The European Social Survey’s Core Scientific Team (formerly known as the Central Coordination Team) has just announced in the User Bulletin (distributed via email, not yet on the website) that they will remove a cool 27 items from the core questionnaire, and three more from the supplementary questionnaire. The items in question are A3-A7, B21-B22, B32-B33, C7-C14, F6a, F34, F43-F47, F51-F52, F57-F58, F71-F73 (“referring to their round 4 question numbers”).
Now I’m sure you all know your round 4 question numbers by heart, but I don’t, so I looked them up. From round 6 on, we will miss information on use of radio, newspapers, and the internet (both global and politics specific), party membership, support for bans of extremist party, believe in scientific solutions to ecological problems, worries about crime (six items), support for anti-terror measures, field of highest qualification, ability to borrow money from friends or family, detailed information on partner’s, mother’s and father’s work, and phone ownership/access.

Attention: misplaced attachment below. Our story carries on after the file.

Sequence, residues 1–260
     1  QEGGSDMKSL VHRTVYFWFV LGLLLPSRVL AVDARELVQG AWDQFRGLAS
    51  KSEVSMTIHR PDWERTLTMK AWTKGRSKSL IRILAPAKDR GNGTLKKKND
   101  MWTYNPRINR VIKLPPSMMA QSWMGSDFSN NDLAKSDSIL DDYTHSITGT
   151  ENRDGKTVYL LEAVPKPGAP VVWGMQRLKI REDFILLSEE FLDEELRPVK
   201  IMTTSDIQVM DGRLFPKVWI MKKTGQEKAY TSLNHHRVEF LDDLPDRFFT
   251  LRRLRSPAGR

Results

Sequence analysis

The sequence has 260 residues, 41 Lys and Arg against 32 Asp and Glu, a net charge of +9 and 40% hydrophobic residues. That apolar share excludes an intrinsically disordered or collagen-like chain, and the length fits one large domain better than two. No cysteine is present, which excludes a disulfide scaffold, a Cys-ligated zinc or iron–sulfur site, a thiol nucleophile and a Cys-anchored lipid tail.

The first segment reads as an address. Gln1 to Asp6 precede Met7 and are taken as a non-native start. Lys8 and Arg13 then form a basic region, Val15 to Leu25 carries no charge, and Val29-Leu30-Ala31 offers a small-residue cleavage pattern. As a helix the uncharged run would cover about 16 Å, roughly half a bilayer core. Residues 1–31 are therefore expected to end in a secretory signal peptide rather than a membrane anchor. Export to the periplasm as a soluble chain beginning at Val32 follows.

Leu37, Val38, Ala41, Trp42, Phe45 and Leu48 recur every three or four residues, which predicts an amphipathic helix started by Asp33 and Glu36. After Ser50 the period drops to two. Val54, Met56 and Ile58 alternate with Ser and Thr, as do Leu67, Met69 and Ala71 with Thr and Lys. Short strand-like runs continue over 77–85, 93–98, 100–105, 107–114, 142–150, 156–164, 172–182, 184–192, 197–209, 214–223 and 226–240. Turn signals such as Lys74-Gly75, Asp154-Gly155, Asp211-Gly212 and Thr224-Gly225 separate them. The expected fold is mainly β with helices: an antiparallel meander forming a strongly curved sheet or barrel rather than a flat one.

Ye olden days (photo credit: Wikipedia)
From a political science vantage point, use of media and party-political questions are obviously absolutely essential, while respondents’ views on torture and terrorism are interesting at the very least. Sociologists, on the other hand, will worry about the loss of information required for Goldthorpe coding and the fact that they cannot measure fear of crime any longer. For me, the ESS is one of the most important collective resources for social research, and my instinct is to object to any cuts to the questionnaire.
On the other hand, this resource has a price tag attached to it. Some ten years ago, it was estimated that the fieldwork in the original 16 countries would cost 4.2 million euros per round. In the meantime, both the number of countries and the fees charged by the pollsters have risen considerably. But are the savings from sacrificing these items relevant given that they make up only a fraction of the total questionnaire, that there are considerable fixed costs, and that the total costs of the ESS are still small beer compared to what Europe spends on rocket science, its subsidised industries, or agriculture?
The Core Scientific Team has promised to publish a full report on the cuts by autumn 2013. In the meantime, what are your views on the matter?